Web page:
Another challenge for mobile CRM is organizational in nature and has to do with issues like these: How do you deploy and manage the devices? Who owns them? How do you safeguard corporate data? These are big issues, and can only be addressed if you do a managed deployment of your mobile CRM solution. I also used that term in reference to server-based mobile UI configurators, and I circle back to it here in a different context. All of the leading mobile solutions for Dynamics CRM feature server-based applications – often, but not always managed solutions running inside your CRM – that allow for scalable, secure deployment of your mobile solution.
To appreciate what I mean by a managed mobile CRM deployment, if you’ve got an iPhone you can perform your own DIY unmanaged deployment by following these steps:
The Resco Mobile CRM app is the best iPhone CRM app I’ve ever used. To me, it feels like the first mobile CRM app that simply works the way you expect an iPhone app to work. So why do they give it away free? Because they want organizational business, and they know organizations aren’t going to deploy with the DIY approach just described. Organizations need to manage their deployments, and for that, they need to license Resco Mobile CRM: only with a licensed version do you get the tools to centrally deploy, configure and manage your mobile CRM users.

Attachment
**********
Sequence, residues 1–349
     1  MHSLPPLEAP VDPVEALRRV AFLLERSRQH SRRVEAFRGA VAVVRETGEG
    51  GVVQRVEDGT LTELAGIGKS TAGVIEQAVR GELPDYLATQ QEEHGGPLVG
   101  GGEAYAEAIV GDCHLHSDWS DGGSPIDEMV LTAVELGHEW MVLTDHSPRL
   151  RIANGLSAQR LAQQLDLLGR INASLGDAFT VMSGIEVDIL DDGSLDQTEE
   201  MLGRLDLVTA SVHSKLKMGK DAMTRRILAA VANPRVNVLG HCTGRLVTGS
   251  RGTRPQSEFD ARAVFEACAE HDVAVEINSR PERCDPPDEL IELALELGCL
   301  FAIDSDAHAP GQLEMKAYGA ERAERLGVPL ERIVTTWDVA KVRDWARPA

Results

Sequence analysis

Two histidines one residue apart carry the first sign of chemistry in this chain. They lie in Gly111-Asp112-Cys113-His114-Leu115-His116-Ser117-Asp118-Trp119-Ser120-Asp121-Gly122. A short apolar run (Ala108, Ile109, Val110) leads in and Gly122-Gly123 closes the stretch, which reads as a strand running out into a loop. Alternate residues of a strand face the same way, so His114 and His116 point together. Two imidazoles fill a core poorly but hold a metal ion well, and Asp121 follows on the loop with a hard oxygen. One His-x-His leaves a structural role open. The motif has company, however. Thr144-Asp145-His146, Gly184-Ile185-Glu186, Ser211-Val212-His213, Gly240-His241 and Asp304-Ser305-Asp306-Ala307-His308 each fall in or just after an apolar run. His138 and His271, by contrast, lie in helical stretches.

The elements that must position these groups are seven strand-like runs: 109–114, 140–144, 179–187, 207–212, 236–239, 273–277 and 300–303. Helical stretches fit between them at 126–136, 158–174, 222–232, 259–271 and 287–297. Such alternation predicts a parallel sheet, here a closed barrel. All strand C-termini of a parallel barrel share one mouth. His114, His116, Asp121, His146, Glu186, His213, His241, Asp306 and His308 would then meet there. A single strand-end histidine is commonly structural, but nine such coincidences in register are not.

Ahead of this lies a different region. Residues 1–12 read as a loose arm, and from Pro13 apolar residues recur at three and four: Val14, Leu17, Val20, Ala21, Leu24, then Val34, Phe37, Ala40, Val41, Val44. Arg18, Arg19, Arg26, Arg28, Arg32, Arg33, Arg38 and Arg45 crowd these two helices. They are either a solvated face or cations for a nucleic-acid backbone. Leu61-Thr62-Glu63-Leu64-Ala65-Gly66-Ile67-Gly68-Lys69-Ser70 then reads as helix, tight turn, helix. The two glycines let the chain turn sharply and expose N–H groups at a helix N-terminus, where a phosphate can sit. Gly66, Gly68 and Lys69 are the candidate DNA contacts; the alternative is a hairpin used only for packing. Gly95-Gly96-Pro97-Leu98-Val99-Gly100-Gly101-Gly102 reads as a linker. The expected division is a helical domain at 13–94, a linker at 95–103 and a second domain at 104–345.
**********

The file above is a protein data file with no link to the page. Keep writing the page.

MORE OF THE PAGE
If you work in IT for an organization with users clamoring (insisting?) for mobile CRM, imagine the relief you’ll experience after a successful rollout! Apart from that, here are some other opportunities you can mine for mobile gold: